Nine years ago, at 1:50am, my life became quite a bit more full. That was the moment I officially became a mother, and it has been a whirlwind of excitement, joy, fun, frustration, and blessing ever since. Caleb has now entered his last year in single digit numbers. It is very hard for me to believe. These years have gone so fast.
We enjoyed his choice of breakfast casserole earlier (my only requirement was that breakfast contain eggs...we have so many!!) and a banana muffin (for which I must post the recipe...it is delicious & no added sugar!) For lunch, he has requested steak, mashed potatoes and corn on the cob. Can we say "country boy"??? And for dinner, spaghetti pie. Both Caleb and Meagan just love that dish. It's a little time consuming, so I rarely make it, except for special occasions. When I do make it, I make 2 so that we can eat it again sometime without added work. And lastly, he picked out spice cake and cookies 'n cream ice cream. We all get a little spoiled on someone's birthday!
He is currently out playing Heroscape with Don and Meagan. He wants to take a long walk on the pasture today. We also have friends coming over after lunch sometime, which I don't think he knows about yet, so that will be fun. And, of course, he will be playing some Nintendo. All in all, it'll be a quiet but enjoyable day. His #1 request was to NOT DO ANY ROOFING WORK! We were happy to oblige...mostly because it is now FINISHED! Whoo hoo! That took so incredibly long. Don was determined to finish yesterday and did so as the temperatures were dropping fast.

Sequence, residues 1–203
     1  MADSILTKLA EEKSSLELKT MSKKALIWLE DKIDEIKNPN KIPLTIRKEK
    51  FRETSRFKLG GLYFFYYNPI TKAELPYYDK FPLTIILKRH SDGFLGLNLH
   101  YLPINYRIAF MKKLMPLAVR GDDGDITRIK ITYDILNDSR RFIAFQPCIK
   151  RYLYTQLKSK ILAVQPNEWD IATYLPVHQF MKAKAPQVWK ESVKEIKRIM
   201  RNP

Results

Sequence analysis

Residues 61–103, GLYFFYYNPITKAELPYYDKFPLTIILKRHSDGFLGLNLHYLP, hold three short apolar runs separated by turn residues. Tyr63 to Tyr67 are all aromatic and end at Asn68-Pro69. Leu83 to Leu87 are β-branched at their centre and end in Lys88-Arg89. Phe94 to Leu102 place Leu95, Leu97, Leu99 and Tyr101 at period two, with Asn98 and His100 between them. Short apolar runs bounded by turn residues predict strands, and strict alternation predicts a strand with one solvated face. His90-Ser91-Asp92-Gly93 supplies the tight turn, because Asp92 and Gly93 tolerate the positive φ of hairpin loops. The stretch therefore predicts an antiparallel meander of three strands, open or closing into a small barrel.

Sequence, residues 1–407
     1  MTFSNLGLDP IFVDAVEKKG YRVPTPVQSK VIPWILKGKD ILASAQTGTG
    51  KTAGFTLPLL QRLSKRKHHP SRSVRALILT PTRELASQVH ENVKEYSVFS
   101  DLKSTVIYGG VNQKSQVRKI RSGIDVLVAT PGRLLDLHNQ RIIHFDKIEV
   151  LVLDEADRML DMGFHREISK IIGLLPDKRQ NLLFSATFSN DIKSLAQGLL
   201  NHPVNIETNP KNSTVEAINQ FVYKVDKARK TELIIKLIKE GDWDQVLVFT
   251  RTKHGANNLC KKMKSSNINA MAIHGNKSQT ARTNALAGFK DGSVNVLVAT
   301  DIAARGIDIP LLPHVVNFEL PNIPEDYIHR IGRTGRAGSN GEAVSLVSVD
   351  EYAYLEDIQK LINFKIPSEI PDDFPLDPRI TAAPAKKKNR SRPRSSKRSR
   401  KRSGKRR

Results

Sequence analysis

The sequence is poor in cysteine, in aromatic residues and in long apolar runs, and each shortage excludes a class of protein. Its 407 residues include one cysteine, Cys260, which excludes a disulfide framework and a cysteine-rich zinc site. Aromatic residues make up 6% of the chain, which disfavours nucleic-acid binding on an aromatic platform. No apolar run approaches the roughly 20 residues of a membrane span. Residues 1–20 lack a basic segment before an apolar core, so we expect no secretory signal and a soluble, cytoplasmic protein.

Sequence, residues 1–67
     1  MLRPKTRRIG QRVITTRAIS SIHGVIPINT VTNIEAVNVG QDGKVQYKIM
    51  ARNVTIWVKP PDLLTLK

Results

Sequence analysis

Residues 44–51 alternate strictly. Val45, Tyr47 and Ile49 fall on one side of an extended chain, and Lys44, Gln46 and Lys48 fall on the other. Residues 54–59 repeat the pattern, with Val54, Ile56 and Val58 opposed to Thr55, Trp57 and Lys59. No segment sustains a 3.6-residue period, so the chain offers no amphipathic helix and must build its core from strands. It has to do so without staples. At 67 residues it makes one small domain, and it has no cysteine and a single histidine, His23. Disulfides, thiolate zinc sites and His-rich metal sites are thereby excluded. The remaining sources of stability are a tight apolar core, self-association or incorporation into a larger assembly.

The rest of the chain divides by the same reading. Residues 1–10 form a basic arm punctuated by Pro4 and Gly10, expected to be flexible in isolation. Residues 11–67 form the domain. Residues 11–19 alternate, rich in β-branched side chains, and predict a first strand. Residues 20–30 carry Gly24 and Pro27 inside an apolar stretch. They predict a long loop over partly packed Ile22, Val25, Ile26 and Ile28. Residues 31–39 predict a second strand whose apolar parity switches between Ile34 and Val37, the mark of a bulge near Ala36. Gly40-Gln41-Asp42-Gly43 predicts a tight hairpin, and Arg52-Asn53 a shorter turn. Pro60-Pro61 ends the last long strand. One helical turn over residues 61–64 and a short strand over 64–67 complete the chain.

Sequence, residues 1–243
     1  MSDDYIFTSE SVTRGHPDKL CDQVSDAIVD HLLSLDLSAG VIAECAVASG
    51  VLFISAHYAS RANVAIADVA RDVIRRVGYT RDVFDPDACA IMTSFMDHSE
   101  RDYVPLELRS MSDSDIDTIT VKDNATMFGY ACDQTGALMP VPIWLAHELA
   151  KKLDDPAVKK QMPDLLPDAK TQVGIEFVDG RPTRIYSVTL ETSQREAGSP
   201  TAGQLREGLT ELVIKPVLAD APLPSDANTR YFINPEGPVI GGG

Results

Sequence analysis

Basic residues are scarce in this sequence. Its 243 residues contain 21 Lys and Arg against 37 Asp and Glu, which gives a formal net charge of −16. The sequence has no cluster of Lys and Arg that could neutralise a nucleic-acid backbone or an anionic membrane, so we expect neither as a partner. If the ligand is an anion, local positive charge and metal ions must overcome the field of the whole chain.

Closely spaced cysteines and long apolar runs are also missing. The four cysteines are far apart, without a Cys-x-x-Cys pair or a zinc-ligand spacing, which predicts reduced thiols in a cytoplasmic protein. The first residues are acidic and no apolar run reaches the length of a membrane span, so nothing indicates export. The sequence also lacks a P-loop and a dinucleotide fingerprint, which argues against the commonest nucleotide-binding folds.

A little goat update: Benjamin and Buckwheat seem to be completely healed. And it may be my imagination, but they both seem really attached to me after I spent so much time with them working their bellies. It's funny. I really tried to learn what I needed to know before we brought them home, but it is so hard to anticipate what you'll be faced with. For instance, I had read that oil was a good thing to give them for bloat (as a commenter on my previous post suggested). What I didn't know (and she explained) was that you have to use a syringe to force it down their throats. They don't willingly take anything by mouth when they are sick like that. So, since they wouldn't take anything, I didn't know what to do. Now I know. I wish there wasn't such a huge learning curve in farming, but there is. So much is trial and error. And even when you learn hints and tips from others, it really takes DOING IT to figure out exactly what you need to know and how to implement it. But, we ARE learning and before long, we'll know.
Another thing that I learned was to avoid milk replacer. I took the advice of my neighbor and put them on replacer (gradually switching over from cow's milk). She had never used it, but thought it must be better for goats than cow's milk. Well, it wasn't until they got sick that I started to research milk replacer. Wow. The stuff is avoided like the plague by most goat owners. It causes lots of health problems in goats. So, now I know. I put them back on cow's milk and took the replacer that we hadn't used back to the store. Lesson learned. I'm just sad that the goats had to suffer for my ignorance. One incredible source for goat info I found was Fias Co Farm. They are so generous with their information. I spent hours reading it all. (Hours that I don't have to spare, by the way!!) Anyway, the goats are all better and we are learning lots as we go.